by Mizti Danielson-Kaslik,
Black Forest hot chocolate
As night drew closer over the moors, it came to me that I would either need to find an adventure in the next few minutes or return to my room at The Raven Inn back in Ravenoak Village for the night. I had to find the cabin soon. All the maps the villagers had presented me with suggested that the it was around here, but it’d be very hard to see once the darkness of the autumn night had completed corrupted this place. A harsh cry of a bird emanated all around, ricocheting against the hard stone of the rocky surrounding mountainsides. Darkness was drawing in closer as the wind began to die down and the copper leaves on the trees grew still with no breeze to move them. From what I had been told, I didn’t want to be on the moors after darkness as I may become one of the death statistics of Ravenoak and indeed there was something unsettling about the moors as a strange cry seemed to hang on in the air, though there was no sound other than that of the bird. Perhaps it was that the silence was uncomfortable. By now, the sun disappeared completely behind the hills and the clouds vanished, though no stars corrupted the darkness of the sky. The call of the bird sounded again, splitting the air as a mirror shattering upon the floor. Perhaps I should turn back, come back in the daylight. I didn’t like this place. Nothing good could come of my being here and I could barely see anything. But all the murders had happened in the hours of darkness, if there was going to be any movement from the cabin, it would be as midnight approached. A final call sounded as the white moon emerged from behind the mountainside and held itself proudly in the inky blackness of the sky. The call seemed to die away before it was complete. And then there was nothing. Simple silence. Undisrupted and pure. It was as if the sound had shattered against the lake ahead of me and become the tiniest ripple upon the dark opaque surface of the large body of water below. The lake seemed to stop in motion, as if caught in time, as the pure light of the full noon shone upon the facet. The water appeared endlessly deep with a thick black swirling mist swimming a few meters down. The mist seemed to move as smoke in the inky darkness until it diffused throughout the lake. The blackness of the lake could easy swallow any unfortunate swimmer deep into its unfeeling depths.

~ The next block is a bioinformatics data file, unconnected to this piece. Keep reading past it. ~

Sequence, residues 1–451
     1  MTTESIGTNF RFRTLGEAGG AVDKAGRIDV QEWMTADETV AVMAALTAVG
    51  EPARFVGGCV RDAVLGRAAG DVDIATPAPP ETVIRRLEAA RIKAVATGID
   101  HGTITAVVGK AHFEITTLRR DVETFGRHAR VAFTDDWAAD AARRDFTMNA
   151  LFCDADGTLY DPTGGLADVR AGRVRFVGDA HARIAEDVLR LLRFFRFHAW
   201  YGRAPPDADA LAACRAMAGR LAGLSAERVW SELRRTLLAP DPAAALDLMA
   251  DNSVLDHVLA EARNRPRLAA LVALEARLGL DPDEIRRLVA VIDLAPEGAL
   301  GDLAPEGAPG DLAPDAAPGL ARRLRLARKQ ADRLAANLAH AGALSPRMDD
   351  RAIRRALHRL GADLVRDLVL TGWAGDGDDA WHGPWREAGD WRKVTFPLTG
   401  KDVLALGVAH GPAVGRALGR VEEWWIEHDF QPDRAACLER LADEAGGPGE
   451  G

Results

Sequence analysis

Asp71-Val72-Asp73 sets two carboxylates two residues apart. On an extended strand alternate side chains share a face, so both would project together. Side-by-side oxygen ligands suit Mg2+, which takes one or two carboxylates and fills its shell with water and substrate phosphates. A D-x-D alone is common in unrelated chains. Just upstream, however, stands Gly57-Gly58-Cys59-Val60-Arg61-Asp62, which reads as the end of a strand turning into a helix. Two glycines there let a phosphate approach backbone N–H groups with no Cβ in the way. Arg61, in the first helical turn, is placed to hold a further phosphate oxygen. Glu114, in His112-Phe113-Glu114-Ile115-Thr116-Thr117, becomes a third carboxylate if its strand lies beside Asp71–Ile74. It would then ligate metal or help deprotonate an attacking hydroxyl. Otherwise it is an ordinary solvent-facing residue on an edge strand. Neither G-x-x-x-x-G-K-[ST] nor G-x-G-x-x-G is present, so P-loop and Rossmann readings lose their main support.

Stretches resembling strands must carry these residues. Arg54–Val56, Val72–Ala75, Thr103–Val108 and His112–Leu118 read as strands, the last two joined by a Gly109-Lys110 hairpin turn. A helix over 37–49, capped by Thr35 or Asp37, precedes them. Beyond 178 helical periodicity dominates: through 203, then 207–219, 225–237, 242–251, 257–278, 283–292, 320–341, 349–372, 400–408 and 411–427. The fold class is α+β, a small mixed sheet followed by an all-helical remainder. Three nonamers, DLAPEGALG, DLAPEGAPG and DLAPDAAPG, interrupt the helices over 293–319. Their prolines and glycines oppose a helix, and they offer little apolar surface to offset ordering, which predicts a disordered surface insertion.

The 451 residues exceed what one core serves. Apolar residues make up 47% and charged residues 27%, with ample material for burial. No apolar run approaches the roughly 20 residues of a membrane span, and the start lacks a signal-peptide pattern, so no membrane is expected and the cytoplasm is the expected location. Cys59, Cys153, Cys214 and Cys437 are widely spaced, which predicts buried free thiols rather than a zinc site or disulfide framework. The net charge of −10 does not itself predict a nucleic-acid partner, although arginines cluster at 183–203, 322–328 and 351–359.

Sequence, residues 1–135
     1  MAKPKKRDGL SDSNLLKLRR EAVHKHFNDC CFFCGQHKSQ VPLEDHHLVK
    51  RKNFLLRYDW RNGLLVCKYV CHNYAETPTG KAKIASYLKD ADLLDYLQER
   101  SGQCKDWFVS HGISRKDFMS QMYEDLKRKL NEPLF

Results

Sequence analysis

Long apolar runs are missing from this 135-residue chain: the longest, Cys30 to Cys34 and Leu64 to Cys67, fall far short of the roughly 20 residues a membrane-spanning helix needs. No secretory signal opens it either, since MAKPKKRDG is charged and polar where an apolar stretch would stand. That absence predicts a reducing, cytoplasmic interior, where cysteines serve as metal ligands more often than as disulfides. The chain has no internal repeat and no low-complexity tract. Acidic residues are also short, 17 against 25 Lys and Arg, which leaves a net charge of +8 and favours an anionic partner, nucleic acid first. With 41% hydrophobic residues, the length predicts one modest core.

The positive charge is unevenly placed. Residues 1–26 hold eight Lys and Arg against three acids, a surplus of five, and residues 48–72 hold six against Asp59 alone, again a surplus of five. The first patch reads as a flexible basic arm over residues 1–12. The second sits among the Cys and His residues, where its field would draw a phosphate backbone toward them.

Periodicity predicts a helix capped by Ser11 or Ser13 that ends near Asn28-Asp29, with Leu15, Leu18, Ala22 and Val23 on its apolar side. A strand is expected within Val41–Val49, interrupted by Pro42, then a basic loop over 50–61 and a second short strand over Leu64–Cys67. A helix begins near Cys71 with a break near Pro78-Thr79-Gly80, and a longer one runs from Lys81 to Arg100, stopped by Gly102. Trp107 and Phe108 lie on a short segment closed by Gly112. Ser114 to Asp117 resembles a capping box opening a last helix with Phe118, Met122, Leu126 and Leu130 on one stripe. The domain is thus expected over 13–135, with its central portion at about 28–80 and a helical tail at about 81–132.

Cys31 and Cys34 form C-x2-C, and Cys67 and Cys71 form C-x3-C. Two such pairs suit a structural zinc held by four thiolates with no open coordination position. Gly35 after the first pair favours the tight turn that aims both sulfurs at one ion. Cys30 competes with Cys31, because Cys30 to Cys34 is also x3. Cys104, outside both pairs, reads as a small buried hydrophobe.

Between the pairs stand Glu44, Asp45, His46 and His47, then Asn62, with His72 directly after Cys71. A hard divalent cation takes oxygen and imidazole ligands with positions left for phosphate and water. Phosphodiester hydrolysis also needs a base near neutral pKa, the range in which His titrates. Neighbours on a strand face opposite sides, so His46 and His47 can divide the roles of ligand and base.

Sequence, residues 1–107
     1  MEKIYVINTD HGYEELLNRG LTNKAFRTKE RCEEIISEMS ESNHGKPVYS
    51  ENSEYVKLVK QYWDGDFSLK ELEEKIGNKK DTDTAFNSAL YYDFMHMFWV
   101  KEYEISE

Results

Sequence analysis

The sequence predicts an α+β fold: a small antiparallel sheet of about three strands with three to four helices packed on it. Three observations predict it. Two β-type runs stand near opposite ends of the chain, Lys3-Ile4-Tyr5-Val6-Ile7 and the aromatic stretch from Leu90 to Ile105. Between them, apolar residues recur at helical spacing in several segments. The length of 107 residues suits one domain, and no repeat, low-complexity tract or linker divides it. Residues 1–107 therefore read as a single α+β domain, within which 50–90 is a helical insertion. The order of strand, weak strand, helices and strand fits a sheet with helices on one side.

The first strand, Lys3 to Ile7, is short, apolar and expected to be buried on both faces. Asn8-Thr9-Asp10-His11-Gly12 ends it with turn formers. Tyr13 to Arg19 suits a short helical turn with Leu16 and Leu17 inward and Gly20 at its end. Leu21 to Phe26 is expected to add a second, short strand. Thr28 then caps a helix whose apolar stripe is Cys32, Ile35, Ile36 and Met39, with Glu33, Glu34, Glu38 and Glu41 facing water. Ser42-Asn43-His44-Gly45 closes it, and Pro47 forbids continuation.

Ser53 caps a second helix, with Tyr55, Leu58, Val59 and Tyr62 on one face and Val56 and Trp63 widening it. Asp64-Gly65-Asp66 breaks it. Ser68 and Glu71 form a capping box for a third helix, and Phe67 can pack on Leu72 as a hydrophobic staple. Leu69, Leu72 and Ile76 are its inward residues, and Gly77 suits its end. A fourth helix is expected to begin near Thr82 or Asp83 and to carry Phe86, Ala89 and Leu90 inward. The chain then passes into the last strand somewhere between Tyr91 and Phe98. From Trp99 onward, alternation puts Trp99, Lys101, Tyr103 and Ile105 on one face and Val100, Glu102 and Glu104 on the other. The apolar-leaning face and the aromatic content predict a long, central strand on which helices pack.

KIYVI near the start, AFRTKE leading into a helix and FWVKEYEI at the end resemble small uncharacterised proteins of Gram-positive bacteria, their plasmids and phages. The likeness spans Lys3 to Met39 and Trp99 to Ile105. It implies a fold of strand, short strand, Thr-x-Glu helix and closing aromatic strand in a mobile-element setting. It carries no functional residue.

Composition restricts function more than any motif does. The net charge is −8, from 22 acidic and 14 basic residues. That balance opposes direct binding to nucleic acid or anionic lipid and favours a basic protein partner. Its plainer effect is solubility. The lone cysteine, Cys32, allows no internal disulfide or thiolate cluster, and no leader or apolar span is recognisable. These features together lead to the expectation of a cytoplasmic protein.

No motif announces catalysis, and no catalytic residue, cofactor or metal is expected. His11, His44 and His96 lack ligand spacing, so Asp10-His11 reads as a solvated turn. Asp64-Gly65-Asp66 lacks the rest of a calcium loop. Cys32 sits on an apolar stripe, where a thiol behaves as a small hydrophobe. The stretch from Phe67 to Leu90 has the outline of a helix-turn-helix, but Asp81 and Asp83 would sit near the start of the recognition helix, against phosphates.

Preceding the lake, the plane of land which I was standing upon seemed to almost rock as force came upon it. Sickly sticklike brownish grass grew in little tufts from the cracked dry earth underfoot, small weeds seemed to sprout from between the tufts with darkened discoloured petals. Nothing good could grow here. A long wooden planked deck stretched out from the small island over the waters to the centre of the lake. The wood was dark in colour and seemed almostcompletely untouched, other than one small footprint deeply intrenched in the pine. The wood had not rotted, though it was obviously used. I stepped on it gingerly, well aware it could collapse at any moment. The deck stretched to another tiny island in the lake; no more than a few square meters in size. A small wooden structure stood proudly in its centre with a ramshackle roof, topped with protruding nails and small circular windows, partly obscured with little red drapes within the cabin’s walls. A faint light filtered through from behind the red door of the cabin. This was the cabin on the map. A soft sound of whispering emanated. I stopped. Tiptoeing now, I slowly came closer to the door. This was a stupid thing to do. Why hadn’t I just accepted Mrs. Meredith’s offer of hot chocolate and read my book for the night? It was cold. I wanted a blanket. I reached into my pocket and took out my silver flask. Damn. It was empty. Even a drop would have made this situation more pleasant. Slipping it back into my pocket, I noticed the door was open slightly. I reached to knock. Reaching. Reaching. I knocked once and immediately wished I hadn’t. A deafening scream came from within. Without thought, I shoved the heavy door ajar with both hands. There was silence inside the cabin.
“Hello…” I gulped “is anyone here?”
There was no answer. The cabin was completely silent. Until an old sound of thick liquid in motion sounded very softly beneath my feet. I looked down with a start. The sight shocked me. A body. The throat slit. Convulsing its last on the red carpet. I gasped and dropped to my knees. The body spoke with a thick stammer as the blood gushed out onto the floor; “Tell them it’s… it’s…”. The body’s cold pale hand clutched my forearm harshly as it attempted to speak.
I was lost for what to say. The hand relinquished its hold on me. The person had died. Murdered upon the moors. A fountain a hot tears camee from the corner of my eye. I looked down at the body’s eyes, intending to close them. They shocked me. They were totally black. Soulless. Lifeless. I gasped again, believing my own eyes were deceiving me. The tear fell upon my left hand, which it came to my attention was covered in blood. Then I realised. If that had just happened, the murderer must be here. I stood up and ran from the cabin, my heart beating as a drum. But there was nothing. No murderer. There was total silence. The call of the raven sounded once more, and I ran back towards the village to tell the villagers of what I had seen and about the eyes. The lifeless black eyes. I swore never to return to that place again in darkness.